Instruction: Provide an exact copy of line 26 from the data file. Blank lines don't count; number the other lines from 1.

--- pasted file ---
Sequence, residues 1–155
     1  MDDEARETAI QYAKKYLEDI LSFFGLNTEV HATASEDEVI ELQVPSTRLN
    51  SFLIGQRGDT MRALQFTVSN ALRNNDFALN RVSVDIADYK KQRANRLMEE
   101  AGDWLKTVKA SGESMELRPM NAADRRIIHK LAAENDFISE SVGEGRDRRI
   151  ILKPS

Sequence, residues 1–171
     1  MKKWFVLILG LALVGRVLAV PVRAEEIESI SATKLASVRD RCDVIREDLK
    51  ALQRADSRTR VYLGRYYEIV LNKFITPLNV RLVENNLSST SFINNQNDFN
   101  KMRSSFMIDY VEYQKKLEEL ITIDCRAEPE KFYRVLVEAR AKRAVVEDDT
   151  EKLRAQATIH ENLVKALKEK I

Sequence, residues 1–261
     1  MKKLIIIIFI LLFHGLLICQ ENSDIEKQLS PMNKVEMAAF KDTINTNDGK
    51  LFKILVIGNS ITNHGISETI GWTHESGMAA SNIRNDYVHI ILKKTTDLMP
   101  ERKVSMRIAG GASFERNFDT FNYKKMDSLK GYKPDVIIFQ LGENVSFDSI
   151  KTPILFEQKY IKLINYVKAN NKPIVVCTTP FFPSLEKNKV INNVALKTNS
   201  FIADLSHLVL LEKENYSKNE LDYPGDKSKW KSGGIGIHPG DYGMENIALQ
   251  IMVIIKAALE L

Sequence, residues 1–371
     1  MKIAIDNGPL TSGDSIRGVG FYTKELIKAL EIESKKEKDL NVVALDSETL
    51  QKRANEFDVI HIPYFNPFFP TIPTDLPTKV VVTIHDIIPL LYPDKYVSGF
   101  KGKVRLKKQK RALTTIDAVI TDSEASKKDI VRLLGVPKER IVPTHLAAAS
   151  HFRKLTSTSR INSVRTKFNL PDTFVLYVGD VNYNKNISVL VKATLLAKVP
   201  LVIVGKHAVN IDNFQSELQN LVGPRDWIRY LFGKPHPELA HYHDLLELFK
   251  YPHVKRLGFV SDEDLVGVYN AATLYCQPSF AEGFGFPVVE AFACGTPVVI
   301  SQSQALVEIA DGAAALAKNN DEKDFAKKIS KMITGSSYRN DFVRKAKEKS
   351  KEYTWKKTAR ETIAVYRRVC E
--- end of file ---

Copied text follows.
   351  KEYTWKKTAR ETIAVYRRVC E